We recognise the importance and potential of theatre as an art form, and it is our goal to use it to promote the personal, social, spiritual and cultural development of all pupils, including the ones you will go on to teach- http://www.gold.ac.uk/pgce/secondary-drama/
This programme is designed to create teachers who will operate as artists in education, empowering young people through Drama, and encourage you to reach your full potential as a qualified teacher.
The programme integrates process and performance, teaching both through and about the art form. In this way, you’ll be able to benefit from a whole host of transferable skills, enabling you to develop personally and professionally through both practical and theoretical enquiry.
As well as focusing on the Drama curriculum in the first three years of secondary education, the programme covers Drama and performing arts courses for pupils from 14 to 19.
We pay special attention to the relationship between English and Drama in the National Curriculum.
It is also possible to study this course via our School Direct programme. Please visit our School Direct page to see which schools offer this subject.
As well as your PGCE fees, you will have to cover your travel costs to your school placements.
We produce reading packs electronically and in hard copy format. There’s a small charge for the hard copy reading packs. You may also be asked to contribute towards trips and some materials for your modules.
If you have specific questions about the degree, contact Amanda Kipling.
In College-based sessions, you engage in practical Drama at your own level and then analyse this from the perspective of participant and teacher.
Starting to teach grows out of this, coupled with you observing Drama in schools, re-visiting the work of key practitioners, and beginning to develop the conceptual underpinnings of classroom practice.
School-based tutors are heads of department or experienced Drama specialists. In addition, you will be supported by alumni as ‘buddies’.
In the Autumn Term, you have an intensive introduction to Drama in education at the College, and begin weekly induction visits to your first teaching practice school.
As the term develops, you spend four days a week in school beginning to develop teaching skills, and return to Goldsmiths on the fifth day for support in lesson planning, managing behaviour, and assessing and recording pupils’ progress.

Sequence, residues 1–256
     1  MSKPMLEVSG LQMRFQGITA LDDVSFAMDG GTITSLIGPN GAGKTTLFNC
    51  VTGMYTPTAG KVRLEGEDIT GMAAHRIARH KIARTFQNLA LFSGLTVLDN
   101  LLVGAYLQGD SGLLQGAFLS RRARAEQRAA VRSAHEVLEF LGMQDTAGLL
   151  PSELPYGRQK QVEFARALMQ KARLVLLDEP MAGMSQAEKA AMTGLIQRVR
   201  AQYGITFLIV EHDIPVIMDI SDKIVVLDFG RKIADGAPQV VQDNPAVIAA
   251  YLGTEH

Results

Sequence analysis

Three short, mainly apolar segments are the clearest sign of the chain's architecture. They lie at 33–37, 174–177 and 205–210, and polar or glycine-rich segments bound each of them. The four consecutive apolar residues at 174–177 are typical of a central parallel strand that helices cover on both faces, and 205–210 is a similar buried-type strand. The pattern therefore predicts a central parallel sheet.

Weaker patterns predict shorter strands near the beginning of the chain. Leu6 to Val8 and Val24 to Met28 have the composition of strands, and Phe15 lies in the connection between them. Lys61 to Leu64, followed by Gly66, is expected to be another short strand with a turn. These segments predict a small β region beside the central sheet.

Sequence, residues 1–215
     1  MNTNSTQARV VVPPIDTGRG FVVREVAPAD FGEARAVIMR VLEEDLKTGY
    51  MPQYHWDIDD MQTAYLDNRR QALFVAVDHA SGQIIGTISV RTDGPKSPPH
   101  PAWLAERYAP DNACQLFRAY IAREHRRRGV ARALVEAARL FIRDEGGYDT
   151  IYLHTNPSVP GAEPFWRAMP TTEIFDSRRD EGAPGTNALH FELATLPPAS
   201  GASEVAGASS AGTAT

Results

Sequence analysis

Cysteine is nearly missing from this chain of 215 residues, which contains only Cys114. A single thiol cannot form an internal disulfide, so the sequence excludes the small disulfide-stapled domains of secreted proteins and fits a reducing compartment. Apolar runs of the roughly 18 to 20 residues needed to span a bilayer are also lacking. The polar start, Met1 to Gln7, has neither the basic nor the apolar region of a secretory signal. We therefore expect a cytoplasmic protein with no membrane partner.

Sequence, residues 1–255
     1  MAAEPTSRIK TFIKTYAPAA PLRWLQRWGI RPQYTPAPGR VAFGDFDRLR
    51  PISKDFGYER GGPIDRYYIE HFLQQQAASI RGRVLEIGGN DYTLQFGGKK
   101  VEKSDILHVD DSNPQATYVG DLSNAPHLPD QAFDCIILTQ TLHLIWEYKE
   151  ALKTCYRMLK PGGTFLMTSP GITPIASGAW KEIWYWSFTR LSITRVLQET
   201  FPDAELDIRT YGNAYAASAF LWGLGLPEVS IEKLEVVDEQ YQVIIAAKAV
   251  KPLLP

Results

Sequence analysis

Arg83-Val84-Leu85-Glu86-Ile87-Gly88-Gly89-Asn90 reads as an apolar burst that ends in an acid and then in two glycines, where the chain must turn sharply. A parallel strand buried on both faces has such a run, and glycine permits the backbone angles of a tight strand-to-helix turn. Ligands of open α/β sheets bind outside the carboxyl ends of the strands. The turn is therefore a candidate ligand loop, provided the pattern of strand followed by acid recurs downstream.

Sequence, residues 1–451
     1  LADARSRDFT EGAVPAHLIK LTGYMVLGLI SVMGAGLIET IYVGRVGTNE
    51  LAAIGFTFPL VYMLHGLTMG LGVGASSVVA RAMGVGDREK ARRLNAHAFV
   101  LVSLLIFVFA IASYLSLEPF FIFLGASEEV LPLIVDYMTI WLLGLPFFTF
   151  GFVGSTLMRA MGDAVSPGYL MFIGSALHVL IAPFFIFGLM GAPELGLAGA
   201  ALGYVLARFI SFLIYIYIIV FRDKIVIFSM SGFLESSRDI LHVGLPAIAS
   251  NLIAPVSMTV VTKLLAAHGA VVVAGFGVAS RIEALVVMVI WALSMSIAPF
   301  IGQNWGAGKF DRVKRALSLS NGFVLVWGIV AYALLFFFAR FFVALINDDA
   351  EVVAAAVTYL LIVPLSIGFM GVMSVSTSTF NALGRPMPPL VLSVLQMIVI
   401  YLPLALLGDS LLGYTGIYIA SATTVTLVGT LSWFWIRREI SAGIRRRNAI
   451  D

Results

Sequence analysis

At the start of the Spring Term there is a similar pattern of College-based work, with an induction visit to your second teaching practice school. This enables you to build on everything you have learned in the first term and to plan for your second block of school experience.
You then spend four days a week in this school until the spring half-term.
After this you are in school five days a week gaining a sense of what it means to be a full-time Drama teacher. In the final weeks you return to College and complete your Career Entry Development Profile. You also engage in a review and evaluation of the programme as a whole.
We have been training teachers since 1904, and have established a reputation for excellence in this field
We see education as a window through which to view the world, and as something with the power to define who we are and how we live
As a department we’re interested in seeing what education can tell us about the social, political and economic forces of our times. And what these forces mean for the everyday lives of individuals and groups.
We place a strong emphasis on active and collaborative learning, and we'll train you to become a reflective and socially conscious teacher.
We have partnerships with many London schools, offering you the chance to gain teaching practice in socially mixed, multi-ethnic urban classrooms.
We offer a high level of support through a system of school and personal tutoring.
Staff in the department carry out world-leading research – we're ranked 8th in the UK for the quality of this research.**
**Research Excellence Framework 2014, Times Higher Education research intensity subject rankings
It delves into areas including culture and identity, gender, multilingualism, and youth cultures, and why we maintain a commitment to social justice and inclusion.
Learning & Teaching
A range of teaching methods are employed across the PGCE programmes, including:
• Taught subject sessions
• Taught General Professional Study sessions
• Practical workshops
• Core lectures
• Group tutorials/seminars
• Individual tutorials
• Individual and group presentations
• Supported self-study
As with the other PGCE courses, you’ll be given the opportunity to work with children in a wide range of contexts. These might include focused interventions with individuals or groups, or larger scale events for the community.
How to apply
You apply for this PGCE through the UCAS Teacher Training website. Our institution code is G56 GOLD.
Please take a look at the information on applying, including the specific qualifications or experience you need for this course.
There's no closing date for primary or secondary applications, but we advise you to apply early to avoid disappointment.
Please visit http://www.gold.ac.uk/pg/fees-funding/
You should have an undergraduate honours degree eg. BA (Hons) or BSc (Hons), of usually 2:2 or above, from a university in the United Kingdom. You will have GCSE Grade C or above (or recognised equivalents) in English Language, Mathematics, and a science subject (including Combined Science). If you do not have – or are not currently studying for – a GCSE in English or Mathematics, you may be eligible to sit the internal College tests. You should have a degree in a related subject, such as Drama, Theatre Studies or English.